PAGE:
Each November our students fill out what we call The Student Culture Survey. It is a simple 12 question survey, administered anonymously, that gives us a brief and fleeting view into the collective mind of our students. The survey asks students such questions as:
- Do you feel like your teachers want you to do well?
- Do you look forward to coming to school?
- Are you proud of your school?
As you can imagine, responses to these questions vary widely. If you have a teen at home, you likely know that adolescence makes one a bit fickle: they are known to swing from loving to hating the same thing, often on the same day; the speed with which those $150 shoes that only yesterday were essential to life itself become anathema to a teen can make the head swim! This characteristic of the teen years is amplified by all the dynamics that surround a school.
Keeping all that in mind, we resolutely distribute the surveys and ask students to share their experiences with us. We drop the results into a spreadsheet with colorful charts and graphs and search for trends. We share the results with faculty and pray for classes as they go through our school. We celebrate where there is joy and we carefully consider where it might be absent. We share the results with other schools like ours across the nation and search for trends in our movement, youth culture, and the broader culture.
On occasion, the survey reveals something truly praiseworthy. This year was no exception. Teachers had collected the surveys and had turned them into the office. Our registrar was compiling the results when she stumbled upon a survey from the 7th grade class, where a student took it upon himself to edit question #4, which reads: “It has been obvious to me that my teachers really want me to do well – in school and out of school.” The “1 to 9” scale wasn’t sufficient for this student to share how confident he was that his teachers really wanted him to do well; he needed to add a “10.”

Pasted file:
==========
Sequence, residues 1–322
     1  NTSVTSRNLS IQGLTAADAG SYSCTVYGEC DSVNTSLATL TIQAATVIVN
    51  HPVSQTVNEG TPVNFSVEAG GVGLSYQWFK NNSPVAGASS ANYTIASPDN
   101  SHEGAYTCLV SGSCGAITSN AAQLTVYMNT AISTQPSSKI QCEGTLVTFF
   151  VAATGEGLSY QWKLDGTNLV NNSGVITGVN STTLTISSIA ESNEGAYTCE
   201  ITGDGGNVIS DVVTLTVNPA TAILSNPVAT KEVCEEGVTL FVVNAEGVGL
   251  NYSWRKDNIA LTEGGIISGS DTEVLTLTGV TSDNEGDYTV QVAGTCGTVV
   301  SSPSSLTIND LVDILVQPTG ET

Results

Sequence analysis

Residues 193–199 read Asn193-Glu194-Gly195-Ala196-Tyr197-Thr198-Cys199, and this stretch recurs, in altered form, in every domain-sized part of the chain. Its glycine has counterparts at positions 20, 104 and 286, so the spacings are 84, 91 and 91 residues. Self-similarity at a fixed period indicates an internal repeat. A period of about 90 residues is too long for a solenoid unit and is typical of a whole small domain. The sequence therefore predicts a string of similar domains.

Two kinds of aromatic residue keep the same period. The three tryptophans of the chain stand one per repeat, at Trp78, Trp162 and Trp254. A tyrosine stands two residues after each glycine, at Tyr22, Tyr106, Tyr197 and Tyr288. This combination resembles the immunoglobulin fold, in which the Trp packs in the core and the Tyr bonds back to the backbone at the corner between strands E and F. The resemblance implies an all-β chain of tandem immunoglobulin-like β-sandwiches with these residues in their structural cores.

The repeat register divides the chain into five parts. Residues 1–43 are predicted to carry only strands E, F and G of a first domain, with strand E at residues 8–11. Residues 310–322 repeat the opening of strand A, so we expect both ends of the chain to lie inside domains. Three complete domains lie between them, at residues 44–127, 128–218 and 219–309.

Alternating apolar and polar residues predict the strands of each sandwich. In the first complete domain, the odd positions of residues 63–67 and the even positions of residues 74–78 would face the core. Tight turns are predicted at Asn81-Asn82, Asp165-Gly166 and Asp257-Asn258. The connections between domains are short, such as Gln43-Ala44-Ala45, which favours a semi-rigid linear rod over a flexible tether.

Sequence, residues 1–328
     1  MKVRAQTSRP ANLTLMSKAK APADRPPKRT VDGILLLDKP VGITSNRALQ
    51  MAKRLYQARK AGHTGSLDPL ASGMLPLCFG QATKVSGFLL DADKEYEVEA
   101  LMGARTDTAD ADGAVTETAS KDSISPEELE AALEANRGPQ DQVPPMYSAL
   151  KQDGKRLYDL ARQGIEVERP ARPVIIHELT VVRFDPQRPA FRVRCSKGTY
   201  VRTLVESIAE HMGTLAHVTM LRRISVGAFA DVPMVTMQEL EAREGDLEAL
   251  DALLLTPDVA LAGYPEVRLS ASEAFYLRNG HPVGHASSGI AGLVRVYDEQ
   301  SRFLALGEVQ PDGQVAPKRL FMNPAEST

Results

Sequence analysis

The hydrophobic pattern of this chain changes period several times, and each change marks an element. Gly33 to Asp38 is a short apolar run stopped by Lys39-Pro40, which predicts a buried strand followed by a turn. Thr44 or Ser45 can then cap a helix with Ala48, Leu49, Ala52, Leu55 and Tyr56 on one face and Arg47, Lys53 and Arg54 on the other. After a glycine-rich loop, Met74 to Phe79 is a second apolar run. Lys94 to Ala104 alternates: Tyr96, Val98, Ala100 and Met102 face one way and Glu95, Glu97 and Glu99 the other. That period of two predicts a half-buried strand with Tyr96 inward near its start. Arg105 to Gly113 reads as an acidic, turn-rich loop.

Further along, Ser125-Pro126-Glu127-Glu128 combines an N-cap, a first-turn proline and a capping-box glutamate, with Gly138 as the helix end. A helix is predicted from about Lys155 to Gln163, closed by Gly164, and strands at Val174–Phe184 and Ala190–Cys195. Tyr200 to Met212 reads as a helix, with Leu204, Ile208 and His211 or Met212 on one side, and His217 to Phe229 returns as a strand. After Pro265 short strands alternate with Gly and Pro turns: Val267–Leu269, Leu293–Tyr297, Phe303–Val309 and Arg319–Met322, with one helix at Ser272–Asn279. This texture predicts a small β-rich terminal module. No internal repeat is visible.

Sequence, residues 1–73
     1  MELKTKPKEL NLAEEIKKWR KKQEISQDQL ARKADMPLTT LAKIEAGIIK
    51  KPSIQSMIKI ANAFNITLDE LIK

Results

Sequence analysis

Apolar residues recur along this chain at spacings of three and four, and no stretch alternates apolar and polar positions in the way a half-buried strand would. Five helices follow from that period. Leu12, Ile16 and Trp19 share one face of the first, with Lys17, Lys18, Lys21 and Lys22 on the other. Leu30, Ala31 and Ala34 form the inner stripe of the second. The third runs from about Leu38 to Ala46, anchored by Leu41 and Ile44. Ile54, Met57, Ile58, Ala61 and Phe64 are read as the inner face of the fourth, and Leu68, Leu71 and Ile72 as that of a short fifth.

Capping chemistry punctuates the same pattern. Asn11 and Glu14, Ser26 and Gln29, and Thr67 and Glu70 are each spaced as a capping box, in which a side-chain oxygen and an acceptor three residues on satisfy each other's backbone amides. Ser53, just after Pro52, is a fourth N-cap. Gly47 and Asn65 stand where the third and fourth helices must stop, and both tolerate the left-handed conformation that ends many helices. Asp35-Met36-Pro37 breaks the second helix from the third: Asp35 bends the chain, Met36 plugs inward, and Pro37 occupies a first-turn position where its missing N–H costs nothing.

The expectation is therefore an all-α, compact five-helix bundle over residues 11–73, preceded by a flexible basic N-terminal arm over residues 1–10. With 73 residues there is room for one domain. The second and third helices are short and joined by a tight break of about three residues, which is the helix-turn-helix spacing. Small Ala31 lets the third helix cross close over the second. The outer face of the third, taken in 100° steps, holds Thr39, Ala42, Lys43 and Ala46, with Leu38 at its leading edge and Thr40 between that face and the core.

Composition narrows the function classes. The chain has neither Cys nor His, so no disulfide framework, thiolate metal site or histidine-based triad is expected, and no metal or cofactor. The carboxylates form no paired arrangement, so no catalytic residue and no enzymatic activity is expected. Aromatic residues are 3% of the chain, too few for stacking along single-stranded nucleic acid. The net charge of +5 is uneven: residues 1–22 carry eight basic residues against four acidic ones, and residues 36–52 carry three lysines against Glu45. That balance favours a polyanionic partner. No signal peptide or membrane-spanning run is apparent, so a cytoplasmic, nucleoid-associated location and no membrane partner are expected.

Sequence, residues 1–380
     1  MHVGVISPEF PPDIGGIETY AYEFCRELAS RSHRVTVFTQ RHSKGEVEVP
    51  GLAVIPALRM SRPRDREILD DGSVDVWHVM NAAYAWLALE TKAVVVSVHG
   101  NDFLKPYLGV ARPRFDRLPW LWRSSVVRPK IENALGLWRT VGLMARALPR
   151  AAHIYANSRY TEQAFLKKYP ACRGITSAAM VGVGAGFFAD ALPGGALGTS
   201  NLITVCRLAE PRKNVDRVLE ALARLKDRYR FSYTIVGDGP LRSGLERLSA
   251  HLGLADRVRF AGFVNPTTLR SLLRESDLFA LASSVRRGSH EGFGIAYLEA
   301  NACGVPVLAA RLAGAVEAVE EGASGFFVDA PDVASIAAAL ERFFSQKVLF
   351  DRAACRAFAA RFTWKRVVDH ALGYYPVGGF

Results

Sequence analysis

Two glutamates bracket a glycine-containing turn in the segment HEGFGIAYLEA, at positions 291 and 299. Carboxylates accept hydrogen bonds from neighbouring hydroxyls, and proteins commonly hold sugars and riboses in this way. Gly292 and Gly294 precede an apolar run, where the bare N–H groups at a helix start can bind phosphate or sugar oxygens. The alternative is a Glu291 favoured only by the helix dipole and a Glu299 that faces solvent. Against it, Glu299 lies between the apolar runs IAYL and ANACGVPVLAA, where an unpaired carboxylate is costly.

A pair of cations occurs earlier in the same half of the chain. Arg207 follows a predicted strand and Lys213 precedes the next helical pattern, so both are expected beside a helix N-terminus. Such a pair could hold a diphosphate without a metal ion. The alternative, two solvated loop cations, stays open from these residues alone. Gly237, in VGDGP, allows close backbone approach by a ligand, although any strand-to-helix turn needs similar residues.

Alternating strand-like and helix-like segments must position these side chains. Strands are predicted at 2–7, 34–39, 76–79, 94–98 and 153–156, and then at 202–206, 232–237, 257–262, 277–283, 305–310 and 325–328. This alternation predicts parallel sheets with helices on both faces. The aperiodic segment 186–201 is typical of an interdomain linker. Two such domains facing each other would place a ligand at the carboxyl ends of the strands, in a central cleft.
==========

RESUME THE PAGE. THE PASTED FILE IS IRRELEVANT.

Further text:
Keep in mind this is an anonymous survey filled out by a 13 year old. The student wasn’t being a sycophant; he didn’t stand to gain anything. He just really feels secure in knowing his teachers care about him, and he wanted to share that with anyone who would listen. That is something to celebrate.
In 1 Thessalonians 5:12-13, Paul urges us to, “recognize those who labor among you, and are over you in the Lord and admonish you, and to esteem them very highly in love for their work’s sake.” My experience after having worked with them for nearly 7 years is that our students do this better than most adults, myself included. Almost without exception, our students esteem very highly in love the leaders that God has placed over them.
Sometimes “esteem very highly” even requires going beyond the “1 to 9” scale.